The Ultimate Guide to America’s Regional Burgers
When it comes to quintessential comfort food, burgers are as Americana as apple pie, hot dogs, and ice cream sundaes, and while a classic cheeseburger really hits the spot, the U.S. actually has a dizzying array of regional variations to try. Far beyond the typical medley of ground beef patties, American cheese, lettuce, tomato, and occasional add-ons like bacon or fried eggs, there are wildly different burger styles that have come to be specialties in different pockets of the country. For the ardent burger-lover, consider this your ultimate burger bucket list, and the ultimate guide to America’s regional burgers.
8 Regional Burgers Worth Traveling For
1. Green Chile Cheeseburgers, New Mexico
Considering New Mexico’s omnipresence of ranch land and green chile farms, it makes sense that the two would overlap and form the green chile cheeseburger. And it’s a match made in beefy, fragrant heaven. This smoky, mildly spicy burger variation is ubiquitous throughout New Mexico, said to have originated in the 1930s as Route 66 carved its way through the northern part of the state. Here, green chile farms are abundant, so they were always on hand as a side with cheeseburgers. It was only a matter of time before some crafty cook decided to add them directly to the patty, lending a pleasant waft of heat that quickly became habit-forming for hungry New Mexicans. Today, you can try them throughout the state, but some iconic spots include Sparky’s, a kitschy roadside attraction in the green chile capital of the state, Hatch. Up in Santa Fe, try one at Shake Foundation, while Mine Shaft Tavern in Madrid and Owl Cafe in Albuquerque also deliver the goods.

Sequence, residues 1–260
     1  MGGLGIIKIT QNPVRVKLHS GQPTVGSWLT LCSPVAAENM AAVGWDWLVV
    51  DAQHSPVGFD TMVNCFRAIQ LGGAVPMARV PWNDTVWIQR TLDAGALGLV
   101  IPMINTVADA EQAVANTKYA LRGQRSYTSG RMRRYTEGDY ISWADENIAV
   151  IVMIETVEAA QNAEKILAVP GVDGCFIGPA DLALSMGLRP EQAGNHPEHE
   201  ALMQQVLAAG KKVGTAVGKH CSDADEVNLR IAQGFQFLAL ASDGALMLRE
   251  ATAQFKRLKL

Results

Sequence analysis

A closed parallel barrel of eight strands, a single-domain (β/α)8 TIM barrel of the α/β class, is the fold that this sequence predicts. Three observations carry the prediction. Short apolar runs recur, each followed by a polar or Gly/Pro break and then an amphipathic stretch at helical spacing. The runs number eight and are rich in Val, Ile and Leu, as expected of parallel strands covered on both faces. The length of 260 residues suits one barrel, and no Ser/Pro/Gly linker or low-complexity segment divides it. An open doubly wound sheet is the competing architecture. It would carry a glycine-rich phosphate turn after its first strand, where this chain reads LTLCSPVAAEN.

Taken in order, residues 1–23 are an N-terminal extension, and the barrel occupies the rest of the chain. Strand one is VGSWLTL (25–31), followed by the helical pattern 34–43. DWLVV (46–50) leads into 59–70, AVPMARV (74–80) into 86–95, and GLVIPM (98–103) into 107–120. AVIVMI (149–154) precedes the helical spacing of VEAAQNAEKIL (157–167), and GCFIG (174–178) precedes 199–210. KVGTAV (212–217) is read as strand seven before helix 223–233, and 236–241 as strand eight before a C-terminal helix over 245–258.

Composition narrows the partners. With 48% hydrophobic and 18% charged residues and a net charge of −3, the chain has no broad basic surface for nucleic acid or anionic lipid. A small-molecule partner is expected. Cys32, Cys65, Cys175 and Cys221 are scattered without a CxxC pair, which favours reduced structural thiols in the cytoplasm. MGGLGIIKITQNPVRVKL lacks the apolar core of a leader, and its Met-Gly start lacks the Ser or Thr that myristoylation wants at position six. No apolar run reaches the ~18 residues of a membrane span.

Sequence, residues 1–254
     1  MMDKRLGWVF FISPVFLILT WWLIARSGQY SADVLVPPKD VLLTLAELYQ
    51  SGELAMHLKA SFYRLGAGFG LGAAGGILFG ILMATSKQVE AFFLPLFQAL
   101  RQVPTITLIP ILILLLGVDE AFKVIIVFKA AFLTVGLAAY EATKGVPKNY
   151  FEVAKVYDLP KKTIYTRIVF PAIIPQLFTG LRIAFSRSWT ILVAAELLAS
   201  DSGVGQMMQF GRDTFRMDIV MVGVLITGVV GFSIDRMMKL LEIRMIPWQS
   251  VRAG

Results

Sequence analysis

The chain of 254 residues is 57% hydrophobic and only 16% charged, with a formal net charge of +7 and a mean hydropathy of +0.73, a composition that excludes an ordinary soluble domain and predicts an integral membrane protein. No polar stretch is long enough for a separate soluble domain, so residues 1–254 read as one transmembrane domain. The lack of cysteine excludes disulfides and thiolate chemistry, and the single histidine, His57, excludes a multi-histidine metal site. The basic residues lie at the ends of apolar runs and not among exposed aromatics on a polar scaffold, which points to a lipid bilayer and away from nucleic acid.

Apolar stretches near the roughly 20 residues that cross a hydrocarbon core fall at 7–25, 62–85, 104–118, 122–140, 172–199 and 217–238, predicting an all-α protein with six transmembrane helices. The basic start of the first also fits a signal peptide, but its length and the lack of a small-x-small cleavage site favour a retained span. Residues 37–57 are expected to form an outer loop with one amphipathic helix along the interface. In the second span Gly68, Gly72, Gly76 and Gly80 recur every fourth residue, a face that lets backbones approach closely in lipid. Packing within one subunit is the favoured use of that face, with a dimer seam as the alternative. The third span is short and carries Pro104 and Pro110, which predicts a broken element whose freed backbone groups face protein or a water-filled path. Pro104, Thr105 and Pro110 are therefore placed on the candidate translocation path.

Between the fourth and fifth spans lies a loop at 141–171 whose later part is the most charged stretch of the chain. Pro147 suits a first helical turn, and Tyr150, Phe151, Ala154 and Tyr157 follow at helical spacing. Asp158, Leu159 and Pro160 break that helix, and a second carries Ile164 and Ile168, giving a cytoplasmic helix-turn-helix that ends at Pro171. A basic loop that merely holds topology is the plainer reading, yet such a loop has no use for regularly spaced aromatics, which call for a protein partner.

2. Butter Burgers, Wisconsin
If you’ve ever sunk your teeth into a cheeseburger and thought, “hmm not enough dairy,” then Wisconsin’s butter burger is the answer to your carnivorous cravings. Considering the state’s proclivity for all things dairy, it makes sense that local burger spots would eventually start adding butter to the equation, topping patties with it either directly or by smearing the buns. Nowadays, they’re the menu fixture at Midwestern chain favorite Culver’s, but butter burger origins date back to the late 1800s, when hamburgers were fried in butter at the Seymour fair. Over time, independent restaurants started topping their own burgers with pats of butter (Culver’s, for what it’s worth, opts to butter the top bun only). No matter how you pat it or smear it, butter brings an extra layer of richness and toastiness to both the patties and the buns, best exemplified by iconic Wisconsin restaurants like Solly’s Grille, a Milwaukee institution that’s said to be one of the first to add butter burgers to its menu in 1936. There’s also the timeworn Kroll’s East in Green Bay and Cinder’s Charcoal Grill in Appleton.
3. Onion Burgers, Oklahoma